When a beloved member of our global community dies at his own hand, it creates a controversy. Some felt he was selfish; some felt he should have simply sucked-it-up; some think he should have sought more council, embraced his faith or upped his prescriptions.
Some are sympathetic, some are saddened, while others just don't understand.
I, myself, was stricken with depression earlier this year. I am still battling through it. There are humorous things that happened to me during the past few months, and I will share them in this story, so please don't judge me too harshly. I am not poking fun at anyone who suffers from depression and I'm not making light of the recent Robin Williams tragedy.
Back in March, the grocery store I was working for added a fresh fish line. Being the meat department manager, I took on that very delicate, time-consuming project without the aid of more labor. In addition, our store had a two-week anniversary sale in April, then came the Rothbury Festival, which increased our business twofold.
My days became longer, and I started working on my days off as well.
Amy is a teacher and she was in her final weeks of school, so she was unable to give me any relief from my duties at home, so my marriage began to suffer as well. With seemingly no one to talk to, I slipped into this black hole of bitterness, anger, tiredness, hopelessness and self-pity of which I felt there was no escape.
At that time, there was an ever-present thought in my head that the world would be a better place without me. I wasn't having any fun and wasn't able to do any of the things in life that I enjoy. So, on the first Monday in June, I sat down at the computer to write my column for the Grand Haven Tribune, but instead, I wrote a suicide letter. Quite an eloquent one, too, I might add. I figured, if it turned out to be the last thing I ever wrote, I wanted it to be good.
In the letter, I mentioned what it might be like if I took too many of my prescription drugs. I went downstairs and had a pleasant supper with my family (the first one in months). After supper, I asked Amy if she would proofread my column while I went to the pharmacy to pick up my prescription. She assured me she would.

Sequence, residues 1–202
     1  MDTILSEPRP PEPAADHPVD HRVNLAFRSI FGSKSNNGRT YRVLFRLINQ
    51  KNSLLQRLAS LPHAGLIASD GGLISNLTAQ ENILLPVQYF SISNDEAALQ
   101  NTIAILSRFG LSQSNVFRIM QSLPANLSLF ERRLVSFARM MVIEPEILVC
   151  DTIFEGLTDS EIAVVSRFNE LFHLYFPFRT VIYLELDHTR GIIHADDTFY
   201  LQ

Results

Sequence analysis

On my way to the drug store, I thought, "Crap, she'll read the letter, call the pharmacy and my plan will be ruined."
My plan was not to take the drugs, but to frighten Amy and let her know that I needed help fast.
I didn't really want to kill myself, I wanted to keep from killing myself. I didn't want to die, I wanted to live — so my plan was to reach out and hopefully get the help that I needed.
After I picked up my prescription, I thought, "Crap, she didn't read the letter yet." So, to kill some time, I went to the frozen yogurt shop, got a huge serving of chocolate fudge frozen yogurt and covered it with chocolate chip cookie dough, brownie bites and chocolate syrup. After that, I went for a drive by Lake Michigan and went home.
When I got home, nobody was there. "Crap," I thought, "Amy left without reading my letter."
I tossed my pill bottle into the cupboard and went for a walk. On my walk, I was thinking about what a failure I was because I couldn't even fake a suicide attempt properly.
Then, a police car pulled up to the sidewalk with its lights flashing. The officers got out, checked my pockets, asked me a bunch of questions and hauled me back to my home where about a dozen of my family members had gathered. Then it dawned on me that while I was enjoying a heaping helping of frozen yogurt, taking a relaxing cruise by the lake and indulging myself with a leisurely evening stroll, my family was out frantically searching for me.
My plan had been successful after all, but I didn't have time to gloat. The police drove me to Holland Hospital, where I spent six days in a program to help people like me. I got lots of sleep and plenty to eat in the hospital, and every day I got visitors that made me feel loved and needed. The doctors, counselors and facilitators equipped me with much needed awareness and assertiveness skills.
By the last day of my stay, I stared out the hospital window and wondered what life would have been like without me. I pictured my wife getting remarried to a guy that would come into my house and fix all the stuff I'd been ignoring. Then I pictured this guy selling all my Joe Namath football cards and spending the money on stupid stuff like power tools. I also envisioned this fellow trading my classic 1959 Edsel for a (gasp) muscle car. I knew I had to stick around and prevent that from happening.
I left the hospital renewed, re-energized and very equipped to handle the stresses of daily life.
With the help of family, friends, doctors, counselors and medication, I am in the process of slaying the dragon of depression.
For some, like Robin Williams, the beast isn't so easily concurred.
I believe depression is a medical condition not unlike asthma, epilepsy or an irregular heartbeat. You wouldn't tell a friend to just suck it up and get over his heart disease, so be sympathetic if you think someone is suffering from depression. Advise them to seek help, because there's an army out there with weapons that can help to defeat that monster.
— By Grant Berry, Tribune community columnist